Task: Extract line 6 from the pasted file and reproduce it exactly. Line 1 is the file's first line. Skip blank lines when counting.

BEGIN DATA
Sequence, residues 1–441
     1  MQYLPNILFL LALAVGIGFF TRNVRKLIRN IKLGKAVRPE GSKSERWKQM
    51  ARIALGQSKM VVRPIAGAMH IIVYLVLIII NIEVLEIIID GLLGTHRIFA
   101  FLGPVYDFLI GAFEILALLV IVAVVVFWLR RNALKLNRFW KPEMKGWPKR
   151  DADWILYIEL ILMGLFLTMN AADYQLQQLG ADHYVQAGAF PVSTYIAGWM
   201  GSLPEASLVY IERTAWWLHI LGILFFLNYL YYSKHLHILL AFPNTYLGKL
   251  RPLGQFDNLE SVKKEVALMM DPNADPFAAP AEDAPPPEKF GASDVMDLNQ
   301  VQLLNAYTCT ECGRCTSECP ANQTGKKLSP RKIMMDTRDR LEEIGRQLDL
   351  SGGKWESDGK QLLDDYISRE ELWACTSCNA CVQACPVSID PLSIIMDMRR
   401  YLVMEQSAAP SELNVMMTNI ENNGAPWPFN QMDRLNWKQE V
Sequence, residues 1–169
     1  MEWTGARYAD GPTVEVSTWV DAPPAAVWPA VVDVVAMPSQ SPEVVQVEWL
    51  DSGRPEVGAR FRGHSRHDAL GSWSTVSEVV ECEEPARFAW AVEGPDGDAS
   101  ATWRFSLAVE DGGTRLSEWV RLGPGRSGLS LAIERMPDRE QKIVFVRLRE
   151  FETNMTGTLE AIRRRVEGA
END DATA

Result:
   201  GSLPEASLVY IERTAWWLHI LGILFFLNYL YYSKHLHILL AFPNTYLGKL